The New Zealand city of Christchurch was hit by an earthquake early today - four months after 181 people were killed by a 6.3-magnitude shock.
A magnitude 5.5 tremor rattled the quake-prone city at 1pm local time (0100GMT) today sending people fleeing from buildings, and boulders tumbling down hillsides, the Reuters newsagency reported.
Police said there were no initial reports of injuries.
The quake was located six miles south-east of the central city at a depth of 6.8 miles.
Aftershocks sent boulders on the city's Port Hills tumbling towards housing, while parts of the eastern city were flooded, it was reported.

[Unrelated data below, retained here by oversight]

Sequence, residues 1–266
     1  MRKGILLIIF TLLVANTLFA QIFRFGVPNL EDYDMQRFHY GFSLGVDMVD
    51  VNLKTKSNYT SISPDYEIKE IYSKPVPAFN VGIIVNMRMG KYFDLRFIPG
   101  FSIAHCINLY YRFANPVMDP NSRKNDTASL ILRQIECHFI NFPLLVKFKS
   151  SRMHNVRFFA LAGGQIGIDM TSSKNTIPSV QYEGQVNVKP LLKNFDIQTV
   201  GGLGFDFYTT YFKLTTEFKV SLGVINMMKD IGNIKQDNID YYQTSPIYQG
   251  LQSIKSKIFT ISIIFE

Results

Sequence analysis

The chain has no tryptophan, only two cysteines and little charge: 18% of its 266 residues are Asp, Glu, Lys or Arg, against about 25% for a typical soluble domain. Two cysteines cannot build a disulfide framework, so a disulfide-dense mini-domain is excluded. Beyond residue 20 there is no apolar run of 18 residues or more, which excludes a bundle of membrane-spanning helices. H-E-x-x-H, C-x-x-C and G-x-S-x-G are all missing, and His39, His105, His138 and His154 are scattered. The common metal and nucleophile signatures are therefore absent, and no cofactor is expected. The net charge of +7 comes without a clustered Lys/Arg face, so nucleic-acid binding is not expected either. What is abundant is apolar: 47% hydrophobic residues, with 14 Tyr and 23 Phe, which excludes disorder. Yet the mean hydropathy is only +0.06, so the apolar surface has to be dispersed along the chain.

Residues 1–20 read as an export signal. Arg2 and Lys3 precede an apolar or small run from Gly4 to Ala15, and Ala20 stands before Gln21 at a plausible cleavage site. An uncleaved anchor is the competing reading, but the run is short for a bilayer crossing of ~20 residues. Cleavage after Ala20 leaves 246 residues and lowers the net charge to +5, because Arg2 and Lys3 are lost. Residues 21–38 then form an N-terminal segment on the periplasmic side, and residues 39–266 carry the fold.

Christchurch has experienced a number of strong earthquakes since a magnitude 7.1 quake struck the city on September 4 last year.
New Zealand records more than 14,000 earthquakes a year because it is on a blackspot for seismic activity.
The south-western Pacific country is on the boundary of two tectonic plates - and will always be vulnerable to natural disasters
New Zealand sits within a "ring of fire" - an arc of volcanic and earthquake zones taking in the south Pacific, eastern Indonesia, Japan and into Alaska.
These areas, because they are so close to plate boundaries, are more likely to be hit by quakes when plates start moving as the earth tries to release heat.